Cosmos: A Space-Time Odyssey Image

Universal acclaim - based on 19 Critics What's this?

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Universal acclaim- based on 286 Ratings

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  • Summary: Based on Carl Sagan's original Cosmos series, astrophysicist Neil deGrasse Tyson hosts this new version executive produced by Ann Druyan, Steven Soter, and Seth MacFarlane.
  • Genre(s): Documentary, Science, Educational
Score distribution:
  1. Positive: 18 out of 19
  2. Negative: 0 out of 19
  1. Reviewed by: Tom Gliatto
    Mar 7, 2014
    It's educational, kid-oriented and fun, and Tyson us confidently smooth popularizer of science. [17 Mar 2014]
  2. Reviewed by: David Wiegand
    Mar 6, 2014
    At least the first episode of the new Cosmos is terrific. And if the other 12 episodes are as good, the series will serve as a valuable continuation of Sagan's legacy.
  3. Reviewed by: Alan Sepinwall
    Mar 6, 2014
    It's a show that stands entirely on its own while never forgetting the series that inspired it.
  4. Reviewed by: David Hinckley
    Mar 7, 2014
    It’s all done with brilliant imagery and crisp production that differs from Sagan’s primarily because the technology just keeps getting better.
  5. Reviewed by: Geoff Berkshire
    Mar 7, 2014
    The premiere episode nimbly balances information with visual spectacle, forging a middle ground between sci-fi and science fact.
  6. Reviewed by: Ed Bark
    Mar 6, 2014
    The reboot, with only Episode 1 to go by, looks like a noble, educational and decidedly visual effort that can only be enhanced by the HD crystal clarity that Sagan never had a chance to behold.
  7. Reviewed by: Neil Genzlinger
    Mar 7, 2014
    Where Sagan’s narrative often approached poetry, Dr. Tyson’s can sound like an overwrought, overamplified planetarium show.... The animation used to present his story resembles low-budget anime and isn’t terribly absorbing. Bruno deserves better. Nit-picking aside, if the new Cosmos doesn’t deliver quite the punch of the original, it’s because this isn’t 1980.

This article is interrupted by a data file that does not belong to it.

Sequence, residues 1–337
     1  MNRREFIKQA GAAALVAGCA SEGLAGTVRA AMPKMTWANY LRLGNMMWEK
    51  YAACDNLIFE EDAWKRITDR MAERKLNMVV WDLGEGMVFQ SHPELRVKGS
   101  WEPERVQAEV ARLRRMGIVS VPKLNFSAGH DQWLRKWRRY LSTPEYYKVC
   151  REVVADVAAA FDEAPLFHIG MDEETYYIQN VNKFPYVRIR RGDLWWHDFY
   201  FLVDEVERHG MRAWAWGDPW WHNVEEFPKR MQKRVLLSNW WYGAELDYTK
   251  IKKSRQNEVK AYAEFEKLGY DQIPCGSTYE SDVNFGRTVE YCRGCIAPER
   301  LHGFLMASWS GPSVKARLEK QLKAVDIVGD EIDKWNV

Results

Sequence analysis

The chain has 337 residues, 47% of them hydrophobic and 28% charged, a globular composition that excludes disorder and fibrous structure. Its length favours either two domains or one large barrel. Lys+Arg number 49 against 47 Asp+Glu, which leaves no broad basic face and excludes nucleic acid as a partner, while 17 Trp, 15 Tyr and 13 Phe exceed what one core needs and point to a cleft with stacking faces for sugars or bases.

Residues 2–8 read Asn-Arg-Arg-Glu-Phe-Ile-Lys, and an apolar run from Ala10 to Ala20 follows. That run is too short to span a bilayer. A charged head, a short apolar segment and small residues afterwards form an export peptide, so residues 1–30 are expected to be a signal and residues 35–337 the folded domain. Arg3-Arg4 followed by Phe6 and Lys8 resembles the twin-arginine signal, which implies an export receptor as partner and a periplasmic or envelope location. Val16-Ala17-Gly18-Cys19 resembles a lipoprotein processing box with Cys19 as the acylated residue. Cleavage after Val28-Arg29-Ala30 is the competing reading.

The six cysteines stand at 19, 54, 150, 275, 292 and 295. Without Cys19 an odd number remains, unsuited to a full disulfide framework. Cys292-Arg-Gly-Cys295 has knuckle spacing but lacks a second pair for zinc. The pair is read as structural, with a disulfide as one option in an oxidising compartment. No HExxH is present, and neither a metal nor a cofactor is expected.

See all 19 Critic Reviews

Score distribution:
  1. Positive: 58 out of 86
  2. Negative: 26 out of 86
  1. Mar 9, 2014
    As a huge fan of the original series, I'm happy to let you know the pilot continued the legacy of the great Carl Sagan behind the very respectable Neil DeGrasse Tyson with great overview and some eye candy visuals. I expect that the science will get more detailed once it focuses on more succinct subjects but so far it was an absolute joy for the anticipation!! Expand
  2. May 21, 2014
    This show is just amazing. The animation for this show is incredible and is out of this world (ha get it). Seriously though the show makes science very interesting. I have always liked science and have been fascinated it and this show will attract those who deep interests in science and those who are newcomers to it. I always make sure that I am in front of the tv watching this every Sunday night and hope that they could somehow turn this into a series. Expand
  3. Jun 4, 2014
    “The World Set Free”—As the series progresses, Cosmos keeps getting better. Unfortunately, Episode 1 was probably the weakest episode. Cosmos is at its best when it remains in the area for which it was intended, that is, the cosmos itself. Previous episodes have explored not so much the universe as the history of science, with one episode dedicated to Michael Faraday, who invented the first electric motor and laid the foundation for most of the appliances and devices we use today. Another episode was dedicated to telling the story of Clair Patterson, who understood the dangers of lead poisoning and helped to bring an end to the use of leaded gasoline. The animated graphics that were a bit distracting in Episode 1 have improved and are used less often, the narratives are better, and the intolerance and mild hostility of the atheist agenda have thankfully been dropped from the program.